Priorities in conflict
NASA’s request for additional decadal surveys shows how far the agency had swung towards the science agency culture. By requesting the surveys, NASA was asking the scientific communities to set the agency’s science priorities for the coming decade. When the Vision for Space Exploration was released with its own set of priorities for the agency, the competing priorities were set on a collision course. The former set of priorities was filtered from the bottom up, while the latter directed from the top down. The agency needs to find a way to reconcile the two sets of priorities in a decision-making process that keeps the best science while preparing it to complete its mission.
Unfortunately, the first steps in defining a new relationship between the science priorities of the stakeholders and the needs of NASA as a reinvigorated mission agency have not gone smoothly. In an attempt to reassert the mission agency culture, NASA’s FY2005 budget request, released in February 2004, divided the agency’s science portfolio into “exploration science” and “other science” categories. The agency proposed that funding for science in the “other” category would remain essentially flat until 2020, while exploration would roughly double in size over the same period. In astronomy, the tilt was incredibly pronounced. NASA proposed in mid-2004 to accelerate the third-ranked space observatory in the decadal survey, the Terrestrial Planet Finder, and to double its proposed scope. To fund this acceleration and expansion, the second-ranked priority and a suite of other missions the agency had been planning were postponed indefinitely. This decision was based on NASA’s interpretation of the Vision for Space Exploration and its determination that the Terrestrial Planet Finder mission was exploration-oriented and the other missions were not. In short, NASA was asserting its mission priorities over the astronomers’ science priorities.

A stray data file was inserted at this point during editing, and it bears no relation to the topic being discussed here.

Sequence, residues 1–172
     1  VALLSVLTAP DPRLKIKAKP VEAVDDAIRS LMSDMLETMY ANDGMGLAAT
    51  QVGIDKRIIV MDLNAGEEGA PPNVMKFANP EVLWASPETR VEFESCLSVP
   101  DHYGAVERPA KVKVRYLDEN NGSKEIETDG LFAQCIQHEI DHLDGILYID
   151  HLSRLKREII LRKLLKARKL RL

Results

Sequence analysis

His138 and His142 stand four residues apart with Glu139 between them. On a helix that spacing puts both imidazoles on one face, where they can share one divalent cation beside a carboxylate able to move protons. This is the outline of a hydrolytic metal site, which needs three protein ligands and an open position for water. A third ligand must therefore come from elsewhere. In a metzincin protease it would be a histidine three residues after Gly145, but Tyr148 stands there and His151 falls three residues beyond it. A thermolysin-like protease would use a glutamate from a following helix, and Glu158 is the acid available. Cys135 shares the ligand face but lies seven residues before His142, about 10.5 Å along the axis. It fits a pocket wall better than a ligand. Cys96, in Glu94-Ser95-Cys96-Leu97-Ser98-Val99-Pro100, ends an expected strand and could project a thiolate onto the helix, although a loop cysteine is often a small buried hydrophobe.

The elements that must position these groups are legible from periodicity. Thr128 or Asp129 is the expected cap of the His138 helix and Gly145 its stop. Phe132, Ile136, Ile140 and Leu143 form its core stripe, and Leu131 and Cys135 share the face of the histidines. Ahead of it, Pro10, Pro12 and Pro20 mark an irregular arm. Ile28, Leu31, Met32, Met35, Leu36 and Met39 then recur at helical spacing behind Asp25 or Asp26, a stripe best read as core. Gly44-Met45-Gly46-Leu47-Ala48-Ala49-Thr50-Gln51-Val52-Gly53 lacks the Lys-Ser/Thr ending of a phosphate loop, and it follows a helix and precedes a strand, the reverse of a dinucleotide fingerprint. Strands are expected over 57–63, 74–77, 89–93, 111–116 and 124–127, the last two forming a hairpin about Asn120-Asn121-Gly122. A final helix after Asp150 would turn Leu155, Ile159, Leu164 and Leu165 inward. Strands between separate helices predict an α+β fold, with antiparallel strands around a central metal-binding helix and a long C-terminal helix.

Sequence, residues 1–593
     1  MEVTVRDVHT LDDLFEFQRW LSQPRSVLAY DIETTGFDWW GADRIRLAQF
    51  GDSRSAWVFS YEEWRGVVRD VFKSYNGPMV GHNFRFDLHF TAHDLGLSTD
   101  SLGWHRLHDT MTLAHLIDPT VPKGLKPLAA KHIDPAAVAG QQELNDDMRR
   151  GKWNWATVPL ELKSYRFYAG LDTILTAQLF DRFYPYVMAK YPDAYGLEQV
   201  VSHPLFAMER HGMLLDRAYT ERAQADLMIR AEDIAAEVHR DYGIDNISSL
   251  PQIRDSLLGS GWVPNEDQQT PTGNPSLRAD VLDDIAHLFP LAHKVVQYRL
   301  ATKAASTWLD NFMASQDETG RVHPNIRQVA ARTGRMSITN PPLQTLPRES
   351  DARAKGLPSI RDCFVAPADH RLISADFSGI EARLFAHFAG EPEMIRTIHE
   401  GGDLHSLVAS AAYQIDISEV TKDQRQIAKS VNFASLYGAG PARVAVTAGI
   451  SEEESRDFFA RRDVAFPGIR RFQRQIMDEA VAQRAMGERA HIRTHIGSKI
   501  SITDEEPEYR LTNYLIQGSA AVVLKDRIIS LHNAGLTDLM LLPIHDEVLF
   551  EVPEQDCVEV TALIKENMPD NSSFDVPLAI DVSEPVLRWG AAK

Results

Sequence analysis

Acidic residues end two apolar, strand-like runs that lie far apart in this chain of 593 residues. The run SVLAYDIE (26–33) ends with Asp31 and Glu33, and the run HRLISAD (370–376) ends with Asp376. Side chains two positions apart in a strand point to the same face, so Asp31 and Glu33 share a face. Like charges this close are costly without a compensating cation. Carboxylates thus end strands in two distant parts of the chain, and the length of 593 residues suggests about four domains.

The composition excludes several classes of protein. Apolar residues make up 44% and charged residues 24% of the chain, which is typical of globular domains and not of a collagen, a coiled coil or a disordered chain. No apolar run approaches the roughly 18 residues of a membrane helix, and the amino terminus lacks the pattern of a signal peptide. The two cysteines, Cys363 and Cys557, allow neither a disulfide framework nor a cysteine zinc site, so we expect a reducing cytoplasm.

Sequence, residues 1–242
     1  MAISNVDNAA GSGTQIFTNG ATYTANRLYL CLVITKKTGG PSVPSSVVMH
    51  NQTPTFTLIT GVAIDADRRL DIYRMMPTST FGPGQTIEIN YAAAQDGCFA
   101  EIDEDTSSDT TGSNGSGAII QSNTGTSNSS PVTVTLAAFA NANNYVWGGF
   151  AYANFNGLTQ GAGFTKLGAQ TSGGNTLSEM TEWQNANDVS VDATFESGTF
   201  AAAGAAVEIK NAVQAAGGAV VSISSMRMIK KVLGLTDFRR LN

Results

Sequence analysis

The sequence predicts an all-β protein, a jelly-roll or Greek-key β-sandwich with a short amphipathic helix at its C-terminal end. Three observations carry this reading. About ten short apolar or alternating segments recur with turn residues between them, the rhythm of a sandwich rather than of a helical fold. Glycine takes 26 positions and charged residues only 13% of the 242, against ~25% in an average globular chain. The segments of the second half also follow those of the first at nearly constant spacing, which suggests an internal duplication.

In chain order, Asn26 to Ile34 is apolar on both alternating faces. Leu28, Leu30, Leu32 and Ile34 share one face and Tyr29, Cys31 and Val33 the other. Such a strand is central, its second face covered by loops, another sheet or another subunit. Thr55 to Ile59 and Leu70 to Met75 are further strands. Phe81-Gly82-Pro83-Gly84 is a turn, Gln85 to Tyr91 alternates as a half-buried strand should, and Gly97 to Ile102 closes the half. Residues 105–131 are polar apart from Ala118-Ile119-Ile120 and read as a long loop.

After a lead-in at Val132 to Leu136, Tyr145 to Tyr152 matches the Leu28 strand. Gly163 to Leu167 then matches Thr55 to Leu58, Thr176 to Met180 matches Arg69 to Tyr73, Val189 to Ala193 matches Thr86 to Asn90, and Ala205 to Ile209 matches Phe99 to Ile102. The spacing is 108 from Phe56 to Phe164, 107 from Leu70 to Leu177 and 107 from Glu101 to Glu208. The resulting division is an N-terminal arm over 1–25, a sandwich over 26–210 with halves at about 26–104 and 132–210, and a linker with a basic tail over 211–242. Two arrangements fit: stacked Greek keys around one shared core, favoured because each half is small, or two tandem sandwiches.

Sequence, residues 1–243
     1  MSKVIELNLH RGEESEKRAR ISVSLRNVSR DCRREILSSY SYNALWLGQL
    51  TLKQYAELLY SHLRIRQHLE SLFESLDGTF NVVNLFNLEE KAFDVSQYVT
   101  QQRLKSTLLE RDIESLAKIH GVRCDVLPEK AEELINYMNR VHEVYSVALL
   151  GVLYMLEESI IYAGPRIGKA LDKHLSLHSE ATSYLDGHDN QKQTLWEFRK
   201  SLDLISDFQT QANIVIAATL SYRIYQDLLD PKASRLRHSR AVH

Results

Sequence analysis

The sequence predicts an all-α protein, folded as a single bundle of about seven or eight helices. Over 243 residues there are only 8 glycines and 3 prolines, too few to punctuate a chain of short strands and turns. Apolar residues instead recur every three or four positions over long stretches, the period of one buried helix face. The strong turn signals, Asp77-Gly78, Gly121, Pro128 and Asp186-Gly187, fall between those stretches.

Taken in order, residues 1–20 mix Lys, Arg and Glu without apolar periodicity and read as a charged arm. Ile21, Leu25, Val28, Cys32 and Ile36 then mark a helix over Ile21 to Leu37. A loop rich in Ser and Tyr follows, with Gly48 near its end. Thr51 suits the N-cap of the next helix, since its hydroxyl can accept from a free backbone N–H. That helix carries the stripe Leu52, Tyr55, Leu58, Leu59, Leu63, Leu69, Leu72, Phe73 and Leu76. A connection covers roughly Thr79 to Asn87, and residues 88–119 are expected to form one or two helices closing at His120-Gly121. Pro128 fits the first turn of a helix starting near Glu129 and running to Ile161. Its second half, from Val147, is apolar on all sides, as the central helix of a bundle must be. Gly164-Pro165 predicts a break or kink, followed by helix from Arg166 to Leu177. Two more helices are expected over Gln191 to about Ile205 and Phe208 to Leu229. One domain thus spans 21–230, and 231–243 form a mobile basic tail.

Had this change proven to be the sole reorientation involved in implementing the Vision, the astronomy community might have been persuaded to accept the new ground rules and work with the agency. Unfortunately, the budget decisions were announced in the wake of then-Administrator Sean O’Keefe’s decision to cancel Hubble Servicing Mission SM-4. The administrator made the decision without notifying or discussing it with the NASA Advisory Council and its scientific subcommittees—a marked change from past agency practice. The Hubble decision, combined with the reorientation of the program away from the community’s priorities, portrayed an agency that was no longer willing to work with the astronomy community.
The astronomers began to search for other avenues to make their voices heard. In short order they found that Maryland Senator Barbara Mikulski was eager to help. The Space Telescope Science Institute and NASA Goddard Space Flight Center, the key institutions supporting Hubble, are both in Maryland. Furthermore, Senator Mikulski was the ranking member of the Senate subcommittee that controlled NASA’s appropriations, putting her in a powerful position to change Hubble’s fate. After months of wrangling it became clear that the senator was not going to allow NASA to eliminate the Hubble mission. By the next spring O’Keefe had resigned, and his successor, Michael Griffin, had publicly committed to “saving” Hubble if the space shuttle’s return to flight was successful.